- As we raise up in frequency, there is less and less daytime absorption, to the point where 20M is a very useful band during the daytime. This is probably the most popular band for DX, although band openings appear less frequently than they do on 40M especially during lower parts of the solar cycle. If you have a 60M dipole, it will also resonate well on 20M.
- Another one of the WARC bands (and therefore ineligible for many contests), 17M has similar propagation characteristics to 20M although even more sensitive to solar activity.
- As we raise even farther in frequency, band openings on 15M are less and less frequent and require a higher level of solar activity. Occasionally there is daytime sporadic-E propagation on this band as well. One of the cool things about 15M is that a dipole tuned for 40M will just about cover 15M as well.
- This is one of the newest of the WARC bands. Out of bounds for contesting. Mostly usable only during solar maxima. Propagation seems to be much like 10M.
- This band is usable for DX only during solar maxima, really, but sometimes there are short openings due to sporadic-E propagation. 10M openings seem to happen mostly during the daytime. There is a small allocation for 10M FM which is intended for short distance communication but can occasionally be a DX surprise. Much of the problem with 10M has to do with its proximity to the 11M citizens radio band. This has resulted in a lot of "freebanders" using illegally-modified CB gear in the bottom of the band, and it has resulted in laws prohibiting the sales of high-powered amplifiers capable of 10M use. The other side of this coin, though, is that cheap CB gear can often be modified for legal use by hams on 10M.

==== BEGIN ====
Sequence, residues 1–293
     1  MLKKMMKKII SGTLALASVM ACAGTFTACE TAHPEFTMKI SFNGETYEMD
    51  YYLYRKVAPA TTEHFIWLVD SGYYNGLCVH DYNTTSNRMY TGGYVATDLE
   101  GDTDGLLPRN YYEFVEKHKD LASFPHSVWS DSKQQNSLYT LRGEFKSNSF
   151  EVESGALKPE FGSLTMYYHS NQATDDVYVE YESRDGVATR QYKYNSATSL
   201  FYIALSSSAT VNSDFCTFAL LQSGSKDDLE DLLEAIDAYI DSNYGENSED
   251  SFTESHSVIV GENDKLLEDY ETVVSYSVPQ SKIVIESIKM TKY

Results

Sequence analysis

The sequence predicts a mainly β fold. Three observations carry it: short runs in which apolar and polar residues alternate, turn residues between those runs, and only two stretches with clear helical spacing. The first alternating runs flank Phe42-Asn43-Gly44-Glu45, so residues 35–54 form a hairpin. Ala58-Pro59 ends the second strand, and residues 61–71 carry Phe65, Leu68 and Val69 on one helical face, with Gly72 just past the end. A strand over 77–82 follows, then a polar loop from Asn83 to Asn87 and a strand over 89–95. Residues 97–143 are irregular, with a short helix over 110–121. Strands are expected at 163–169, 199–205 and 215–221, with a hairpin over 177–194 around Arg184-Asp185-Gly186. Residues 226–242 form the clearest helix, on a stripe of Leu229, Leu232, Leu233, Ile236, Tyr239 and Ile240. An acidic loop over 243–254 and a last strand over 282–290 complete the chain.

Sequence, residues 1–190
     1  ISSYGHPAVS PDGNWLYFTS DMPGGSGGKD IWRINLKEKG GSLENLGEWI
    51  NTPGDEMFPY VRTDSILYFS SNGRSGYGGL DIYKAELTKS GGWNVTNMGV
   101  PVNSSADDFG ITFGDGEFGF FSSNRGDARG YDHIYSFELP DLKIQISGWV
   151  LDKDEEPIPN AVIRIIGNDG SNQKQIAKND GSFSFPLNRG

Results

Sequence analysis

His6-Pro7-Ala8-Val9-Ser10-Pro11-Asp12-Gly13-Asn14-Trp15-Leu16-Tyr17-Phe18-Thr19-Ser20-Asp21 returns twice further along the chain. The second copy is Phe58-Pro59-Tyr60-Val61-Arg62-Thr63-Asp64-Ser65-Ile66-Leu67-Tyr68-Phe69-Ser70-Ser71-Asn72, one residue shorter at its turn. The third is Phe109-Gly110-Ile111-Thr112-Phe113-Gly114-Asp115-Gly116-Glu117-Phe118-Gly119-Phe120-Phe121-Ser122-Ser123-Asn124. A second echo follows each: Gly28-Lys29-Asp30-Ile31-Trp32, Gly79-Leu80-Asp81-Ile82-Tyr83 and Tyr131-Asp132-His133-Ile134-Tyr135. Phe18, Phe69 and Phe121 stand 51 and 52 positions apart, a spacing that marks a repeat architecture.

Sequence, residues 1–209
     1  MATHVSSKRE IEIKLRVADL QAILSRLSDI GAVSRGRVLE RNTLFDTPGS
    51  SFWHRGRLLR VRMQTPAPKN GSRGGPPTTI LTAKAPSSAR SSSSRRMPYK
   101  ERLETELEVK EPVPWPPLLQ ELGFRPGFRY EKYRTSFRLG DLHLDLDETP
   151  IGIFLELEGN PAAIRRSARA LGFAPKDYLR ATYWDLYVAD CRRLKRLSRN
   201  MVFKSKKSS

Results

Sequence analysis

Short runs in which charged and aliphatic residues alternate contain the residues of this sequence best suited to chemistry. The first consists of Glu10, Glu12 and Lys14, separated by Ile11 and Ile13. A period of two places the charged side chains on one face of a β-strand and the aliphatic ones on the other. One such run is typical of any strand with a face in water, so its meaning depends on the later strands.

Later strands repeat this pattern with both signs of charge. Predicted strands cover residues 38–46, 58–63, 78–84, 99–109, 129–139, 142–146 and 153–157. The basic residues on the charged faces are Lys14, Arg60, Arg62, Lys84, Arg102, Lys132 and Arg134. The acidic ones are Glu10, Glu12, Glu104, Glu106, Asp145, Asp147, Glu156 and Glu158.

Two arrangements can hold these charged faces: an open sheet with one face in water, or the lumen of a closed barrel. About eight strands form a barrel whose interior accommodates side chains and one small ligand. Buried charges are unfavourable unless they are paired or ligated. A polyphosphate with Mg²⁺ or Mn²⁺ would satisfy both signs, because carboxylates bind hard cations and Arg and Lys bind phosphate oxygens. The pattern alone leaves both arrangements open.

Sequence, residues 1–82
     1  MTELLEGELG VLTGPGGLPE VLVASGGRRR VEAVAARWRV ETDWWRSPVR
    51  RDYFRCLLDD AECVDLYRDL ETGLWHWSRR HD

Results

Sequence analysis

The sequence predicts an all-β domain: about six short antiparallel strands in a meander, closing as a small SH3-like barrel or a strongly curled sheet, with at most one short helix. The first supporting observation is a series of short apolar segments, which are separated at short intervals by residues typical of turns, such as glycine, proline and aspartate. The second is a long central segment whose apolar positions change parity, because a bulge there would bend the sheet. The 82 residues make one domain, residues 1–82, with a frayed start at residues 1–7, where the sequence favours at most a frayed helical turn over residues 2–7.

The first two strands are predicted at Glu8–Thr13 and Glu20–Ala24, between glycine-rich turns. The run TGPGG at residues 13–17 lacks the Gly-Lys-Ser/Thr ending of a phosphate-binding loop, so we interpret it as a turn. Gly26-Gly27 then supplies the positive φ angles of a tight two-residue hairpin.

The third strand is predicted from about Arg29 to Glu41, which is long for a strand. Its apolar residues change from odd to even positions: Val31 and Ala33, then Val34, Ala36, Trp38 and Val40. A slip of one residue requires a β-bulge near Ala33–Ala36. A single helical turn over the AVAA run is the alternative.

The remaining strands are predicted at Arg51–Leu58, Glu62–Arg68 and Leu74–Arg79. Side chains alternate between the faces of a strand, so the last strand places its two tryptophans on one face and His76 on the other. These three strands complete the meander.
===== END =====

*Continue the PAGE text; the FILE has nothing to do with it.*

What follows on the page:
- This is the "magic band" that lies between HF and VHF. Although there are a few 6M repeaters in the country and people will sometimes come back to you if you call on 52.525 with an FM transmitter, what makes 6M cool is that occasionally there is DX propagation. During the solar maximum, conventional skip is possible but at other times there is occasional sporadic-E and tropospheric ducting. The majority of 6M DXers use SSB, but even an old Army field radio tuned to the FM calling frequency can bag interesting QSOs. Because you never know what 6M will do, there is an active set of beacons on the band that you can leave a receiver tuned to so as to alert you to band openings.
- This has become the de-facto local communications band. There are very few parts of the country out of range of a 2M repeater. While tropospheric ducting can allow 2M DX and sporadic-E propagation has been seen on this band, these are more the realm of a small group of dedicated obsessives than regular propagation modes for daily use. 2M is very popular both for direct simplex communication and for repeater use. However, you should know that the repeater culture varies greatly from place to place; listen to the repeater for a while before jumping in. 2M propagation is almost entirely line of sight.